This protocol was approved by the Animal Ethics Committee of Beijing University of Chinese Medicine, and it was in accordance with all guidelines for the Care and Use of Laboratory Animals of China. There was no accidental death situation during the experimental procedure, and no animals needed to be euthanized in this study.

1. Preparation

  1. Purchase 30 male SAMP8 mice and 10 male SAMR1 mice (age: 8 months).
  2. House the mice individually in individual ventilation cages at a temperature of 24 ±2 °C and a 12 h dark/light cycle.
  3. Feed the mice with a standard pellet diet available ad libitum and provide sterile drinking water.
  4. Acclimate all the mice to the environment for 5 days before experimentation.

2. Grouping of animals

  1. Randomly divide 30 SAMP8 mice into three groups (n = 10/group): the AD group, manual acupuncture (MA) group, and medicine (M) group.
  2. Use 10 SAMR1 mice as the normal control (N) group6.

3. Administration of donepezil hydrochloride tablets

  1. Crush a donepezil hydrochloride tablet (5 mg/tablet) and dissolve it in 50 mL of distilled water.
  2. Deliver the medicine prepared in step 3.1 at doses of 1 mg/kg to the mice using an oral gavage once a day8 during the entire experiment, including the days when the MA treatment and MWM tests are performed.

4. Administration of manual acupuncture

  1. Immobilize the mice of the MA group in mouse bags.
  2. Use disposable sterile acupuncture needles (0.25 mm x 13 mm) and apply the flat thorn method of MA on Baihui (GV20) and Yintang (GV29)5 toward the nose for 20 min. Ensure that the needle depth is 0.2–0.3 cm.
  3. Bidirectionally twirl the manipulation within 90° at a speed of about 180 r/min every 5 min for ~15 s each time during the entire experiment, including days when MA treatment and MWM tests are performed.

5. MWM test

NOTE: At 24 h after the 15 consecutive days of treatment, subject the mice in the four groups to the MWM test. Conduct the visible platform trial, hidden platform trial, probe trial, and reversal trial in order.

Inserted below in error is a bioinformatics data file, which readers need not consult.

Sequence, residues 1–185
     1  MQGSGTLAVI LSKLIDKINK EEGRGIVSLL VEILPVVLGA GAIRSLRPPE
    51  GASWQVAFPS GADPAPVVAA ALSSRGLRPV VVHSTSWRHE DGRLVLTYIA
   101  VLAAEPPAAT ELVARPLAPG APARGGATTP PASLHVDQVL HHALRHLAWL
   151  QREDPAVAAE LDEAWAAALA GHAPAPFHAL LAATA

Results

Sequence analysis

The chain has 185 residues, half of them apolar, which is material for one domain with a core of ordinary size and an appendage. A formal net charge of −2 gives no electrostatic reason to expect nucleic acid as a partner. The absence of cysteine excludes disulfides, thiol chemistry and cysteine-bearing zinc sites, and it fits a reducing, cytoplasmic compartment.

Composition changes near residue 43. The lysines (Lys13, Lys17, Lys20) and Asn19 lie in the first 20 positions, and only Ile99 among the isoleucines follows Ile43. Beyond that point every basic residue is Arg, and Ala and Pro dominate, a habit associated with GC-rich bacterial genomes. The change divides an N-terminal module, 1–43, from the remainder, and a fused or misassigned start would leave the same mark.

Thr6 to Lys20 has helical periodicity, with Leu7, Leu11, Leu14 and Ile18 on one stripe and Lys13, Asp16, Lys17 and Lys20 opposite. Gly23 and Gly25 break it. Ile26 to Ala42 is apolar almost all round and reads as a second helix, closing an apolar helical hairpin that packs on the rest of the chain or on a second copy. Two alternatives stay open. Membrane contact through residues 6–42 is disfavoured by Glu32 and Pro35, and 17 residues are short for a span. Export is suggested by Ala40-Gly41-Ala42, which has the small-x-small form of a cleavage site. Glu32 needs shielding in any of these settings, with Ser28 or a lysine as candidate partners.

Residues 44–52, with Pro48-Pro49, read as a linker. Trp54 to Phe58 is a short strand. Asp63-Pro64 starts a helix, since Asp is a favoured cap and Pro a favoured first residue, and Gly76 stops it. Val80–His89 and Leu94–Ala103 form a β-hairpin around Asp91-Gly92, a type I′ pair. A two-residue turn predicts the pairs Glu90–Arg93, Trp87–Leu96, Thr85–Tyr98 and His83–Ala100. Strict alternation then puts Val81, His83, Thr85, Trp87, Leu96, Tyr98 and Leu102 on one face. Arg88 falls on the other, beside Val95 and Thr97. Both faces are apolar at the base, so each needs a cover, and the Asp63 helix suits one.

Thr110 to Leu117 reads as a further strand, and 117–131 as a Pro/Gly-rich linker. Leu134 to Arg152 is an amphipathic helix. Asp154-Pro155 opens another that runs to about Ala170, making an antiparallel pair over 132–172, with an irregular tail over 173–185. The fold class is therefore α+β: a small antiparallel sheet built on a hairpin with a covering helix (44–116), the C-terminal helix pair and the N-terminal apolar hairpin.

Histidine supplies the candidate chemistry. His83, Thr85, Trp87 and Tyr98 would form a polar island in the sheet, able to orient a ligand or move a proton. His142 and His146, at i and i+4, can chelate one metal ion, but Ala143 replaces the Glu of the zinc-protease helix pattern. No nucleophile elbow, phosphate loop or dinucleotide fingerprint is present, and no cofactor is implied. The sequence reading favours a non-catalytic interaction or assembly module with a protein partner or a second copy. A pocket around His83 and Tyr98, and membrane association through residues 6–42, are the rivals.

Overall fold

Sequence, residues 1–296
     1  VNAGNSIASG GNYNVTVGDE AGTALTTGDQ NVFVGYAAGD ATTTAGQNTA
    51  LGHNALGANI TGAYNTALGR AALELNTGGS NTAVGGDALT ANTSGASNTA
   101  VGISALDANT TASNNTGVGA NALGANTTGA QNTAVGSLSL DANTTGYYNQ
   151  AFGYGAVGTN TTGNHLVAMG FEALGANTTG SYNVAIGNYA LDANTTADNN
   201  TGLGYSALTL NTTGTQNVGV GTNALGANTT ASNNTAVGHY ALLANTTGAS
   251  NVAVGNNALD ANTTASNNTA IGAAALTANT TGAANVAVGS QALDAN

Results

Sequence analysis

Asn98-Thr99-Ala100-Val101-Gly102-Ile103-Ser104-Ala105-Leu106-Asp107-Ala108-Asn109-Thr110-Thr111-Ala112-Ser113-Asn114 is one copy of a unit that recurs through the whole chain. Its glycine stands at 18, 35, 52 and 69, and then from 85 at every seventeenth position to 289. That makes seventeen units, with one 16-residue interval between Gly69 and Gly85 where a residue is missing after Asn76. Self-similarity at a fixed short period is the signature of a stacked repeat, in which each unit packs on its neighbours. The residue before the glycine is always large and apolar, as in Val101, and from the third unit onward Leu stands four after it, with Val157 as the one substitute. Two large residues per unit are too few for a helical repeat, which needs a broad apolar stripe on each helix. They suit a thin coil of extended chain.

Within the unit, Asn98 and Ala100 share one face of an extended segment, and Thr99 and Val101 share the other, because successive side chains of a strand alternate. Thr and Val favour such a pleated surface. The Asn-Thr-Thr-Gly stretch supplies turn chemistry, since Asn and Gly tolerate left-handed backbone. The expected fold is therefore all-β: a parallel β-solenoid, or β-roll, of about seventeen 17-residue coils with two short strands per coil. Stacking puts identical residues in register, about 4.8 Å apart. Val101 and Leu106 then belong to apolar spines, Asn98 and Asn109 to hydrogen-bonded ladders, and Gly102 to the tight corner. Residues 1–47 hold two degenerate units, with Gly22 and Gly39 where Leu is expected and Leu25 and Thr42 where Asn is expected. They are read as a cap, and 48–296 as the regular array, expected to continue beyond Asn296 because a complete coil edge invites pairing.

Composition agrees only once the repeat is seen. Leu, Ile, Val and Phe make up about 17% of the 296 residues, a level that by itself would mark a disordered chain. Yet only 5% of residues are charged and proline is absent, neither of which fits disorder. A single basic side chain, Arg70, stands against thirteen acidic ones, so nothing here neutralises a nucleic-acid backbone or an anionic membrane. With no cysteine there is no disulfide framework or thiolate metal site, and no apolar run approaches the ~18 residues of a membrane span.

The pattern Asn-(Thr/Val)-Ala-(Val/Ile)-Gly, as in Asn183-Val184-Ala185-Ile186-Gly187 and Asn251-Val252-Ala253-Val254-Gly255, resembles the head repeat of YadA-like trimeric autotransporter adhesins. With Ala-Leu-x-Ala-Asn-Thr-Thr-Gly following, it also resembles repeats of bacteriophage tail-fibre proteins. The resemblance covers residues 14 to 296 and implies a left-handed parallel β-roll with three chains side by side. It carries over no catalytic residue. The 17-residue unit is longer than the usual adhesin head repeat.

1. Prepare for the MWM test.
    1. Position MWM device and the signal acquisition and processing system in an experiment room designed to maintain sound insulation.
    2. Put a circular white tank (diameter = 90 cm, height = 50 cm) surrounded by an opaque cloth in the middle of the MWM device.
    3. Fix a video camera to the ceiling of the MWM device and connect it to a video recorder with an automated tracking system to collect the data.
    4. Divide the water maze tank equally into four equal regions using two mutually perpendicular lines, labeled north (N), south (S), east (E), and west (W). Divide the pool area conceptually into four quadrants of the same size (NE, NW, SW, and SE).
    5. Within the sight of the mouse, place visual cues of different shapes on the wall of each quadrant as visual references (e.g., squares, triangles, and circles).
      NOTE: Distal cues are the animal’s navigational reference points for locating the platform. Therefore, do not move them during the test. The position of the researcher is a potential distal cue and can influence the MWM. Therefore, the researcher should stay out of the sight of the mice while waiting for the animal to perform the test.
    6. Fill the circular tank with water to a depth of 30 cm and maintain at 22 ± 2 °C with an electric heater.
    7. Render the water opaque with about 150 g of milk powder.
  2. Perform the visible platform trial.
    1. Place a plastic circular platform (diameter = 9.5 cm; height = 28 cm) 1 cm above the water surface in any quadrant at random.
    2. Put a black flag on the platform.